The troubled wealth management group saw net cash outflows of $1.8 billion in Q1 2019, compared with just $200 million a year earlier.
In a trading update this morning, AMP said its Australian wealth management business experienced net cash outflows of $1.8 billion, including $538 million of regular pension payments, which it said reflected expected continued weakness in inflows and higher outflows in the post-royal commission environment.
AMP’s Australian wealth management AUM increased 5 per cent to $129.3 billion.
“Cash inflows of $4.69 billion, $1.3 billion lower than Q1 18, reflected reduced member contributions and slower inflows on North platform,” the group said.
“Cash outflows of $6.46 billion, up from $6.14 billion in Q1 18, included $538 million in regular pension payments made to AMP’s clients.”
Meanwhile, AMP Capital AUM increased 4 per cent to $194.6 billion, which the company said was primarily due to stronger investment markets.
“Net external cash outflows of $20 million reflected quarter-end liquidity management by China Life AMP Asset Management investors and fixed income redemptions,” AMP said.
“Net inflows in infrastructure strategies continue, supported by strong client demand and solid transaction pipeline.”
During Q1 19, AMP Capital confirmed the sale of its 50 per cent shareholding in the management companies of Singapore-listed AIMS AMP Capital Industrial REIT (AA REIT) to joint venture partner AIMS Financial Group.
As a result of this share sale, AMP Capital’s external AUM reduced by $765 million and AMP Capital will recognise a gain on sale in 2019. As part of the transaction, AMP Capital has also agreed to sell its 10.26 per cent principal stake in AA REIT units to AIMS Financial Group, which will settle in 2H 19.
AMP chief executive Francesco De Ferrari said the group’s focus during the first quarter has been on accelerating change within AMP, including establishing a new leadership team, progressing the remediation program and separating its life insurance businesses, and sharpening its offers to clients.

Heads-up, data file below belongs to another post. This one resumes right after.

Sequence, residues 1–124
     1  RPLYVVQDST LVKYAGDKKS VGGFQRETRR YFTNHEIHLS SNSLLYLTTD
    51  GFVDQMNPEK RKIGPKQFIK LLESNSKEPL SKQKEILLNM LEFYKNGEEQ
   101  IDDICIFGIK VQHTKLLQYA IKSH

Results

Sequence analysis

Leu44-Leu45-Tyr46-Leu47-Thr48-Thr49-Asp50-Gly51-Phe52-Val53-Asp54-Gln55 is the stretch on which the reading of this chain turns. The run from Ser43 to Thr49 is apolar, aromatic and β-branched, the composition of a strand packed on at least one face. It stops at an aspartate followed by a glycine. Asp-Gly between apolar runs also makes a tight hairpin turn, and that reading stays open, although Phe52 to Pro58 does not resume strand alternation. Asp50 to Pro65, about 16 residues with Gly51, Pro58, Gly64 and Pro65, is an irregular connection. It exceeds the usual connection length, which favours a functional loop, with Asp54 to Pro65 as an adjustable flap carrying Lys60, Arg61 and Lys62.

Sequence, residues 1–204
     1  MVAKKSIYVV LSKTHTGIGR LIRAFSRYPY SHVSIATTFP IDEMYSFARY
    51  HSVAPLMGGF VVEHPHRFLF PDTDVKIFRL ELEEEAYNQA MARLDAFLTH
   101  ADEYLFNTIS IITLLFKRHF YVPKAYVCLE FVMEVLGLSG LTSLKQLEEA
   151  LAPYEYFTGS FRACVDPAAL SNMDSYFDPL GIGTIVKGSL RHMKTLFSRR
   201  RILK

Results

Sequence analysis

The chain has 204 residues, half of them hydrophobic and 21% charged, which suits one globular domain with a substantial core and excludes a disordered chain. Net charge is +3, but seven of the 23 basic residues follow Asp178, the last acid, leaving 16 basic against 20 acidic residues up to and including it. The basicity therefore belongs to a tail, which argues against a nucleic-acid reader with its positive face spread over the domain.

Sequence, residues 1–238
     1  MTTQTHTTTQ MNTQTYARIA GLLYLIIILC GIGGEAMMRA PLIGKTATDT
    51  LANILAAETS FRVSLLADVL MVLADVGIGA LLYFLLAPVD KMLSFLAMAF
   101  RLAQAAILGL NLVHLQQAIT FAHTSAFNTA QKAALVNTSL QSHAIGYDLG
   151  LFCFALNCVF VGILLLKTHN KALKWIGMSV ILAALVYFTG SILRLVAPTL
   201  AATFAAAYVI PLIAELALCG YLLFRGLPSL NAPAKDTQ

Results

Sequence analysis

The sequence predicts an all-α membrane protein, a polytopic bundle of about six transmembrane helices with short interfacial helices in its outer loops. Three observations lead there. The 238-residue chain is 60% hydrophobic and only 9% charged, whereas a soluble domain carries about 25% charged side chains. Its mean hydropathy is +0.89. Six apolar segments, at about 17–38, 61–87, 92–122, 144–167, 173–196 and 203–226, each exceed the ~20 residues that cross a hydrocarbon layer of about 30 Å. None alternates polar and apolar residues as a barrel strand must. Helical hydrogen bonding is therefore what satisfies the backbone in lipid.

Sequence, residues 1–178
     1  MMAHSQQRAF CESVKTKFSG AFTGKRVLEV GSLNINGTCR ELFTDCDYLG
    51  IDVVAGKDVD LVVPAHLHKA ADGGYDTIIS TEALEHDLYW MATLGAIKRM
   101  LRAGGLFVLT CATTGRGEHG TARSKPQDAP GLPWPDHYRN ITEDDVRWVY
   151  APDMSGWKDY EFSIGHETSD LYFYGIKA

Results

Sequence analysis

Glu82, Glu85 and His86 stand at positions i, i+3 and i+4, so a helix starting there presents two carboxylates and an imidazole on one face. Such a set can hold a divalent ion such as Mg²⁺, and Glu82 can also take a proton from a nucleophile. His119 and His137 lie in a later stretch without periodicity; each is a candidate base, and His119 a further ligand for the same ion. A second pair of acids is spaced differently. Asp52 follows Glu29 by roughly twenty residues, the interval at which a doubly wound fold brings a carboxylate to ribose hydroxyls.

“Stronger investment markets delivered growth in assets under management in Australian and New Zealand wealth management and at AMP Capital,” he said.
“Cash flows in Australian wealth management continue to be challenged given the post-royal commission environment. AMP Bank is performing well, with strong retail deposit growth and a modest increase in lending, and AMP Capital continued its strength in real assets.
“We remain focused on transforming our business model in Australian wealth management to compete more effectively. Actions we’ve already taken to improve outcomes for customers include fee reductions on our MyNorth products, which builds on the MySuper fee cuts we delivered to clients in 2018. We’ll continue to modernise our products to put AMP in a position where we can win in the market.”
AMP Bank increased deposits by $218 million, with the most growth in retail deposits, while the total loan book also grew by $127 million to $20.1 billion.
The interest rate environment across the world is at historic low and it will most likely stay that way for years to come. ...
Morgan Stanley has reported net revenues for the quarter ending 30 June down by 4 per cent or $517 million from a year ago, despite strong g...
After much speculation, NAB has appointed its new chief executive following the departure of Andrew Thorburn. ...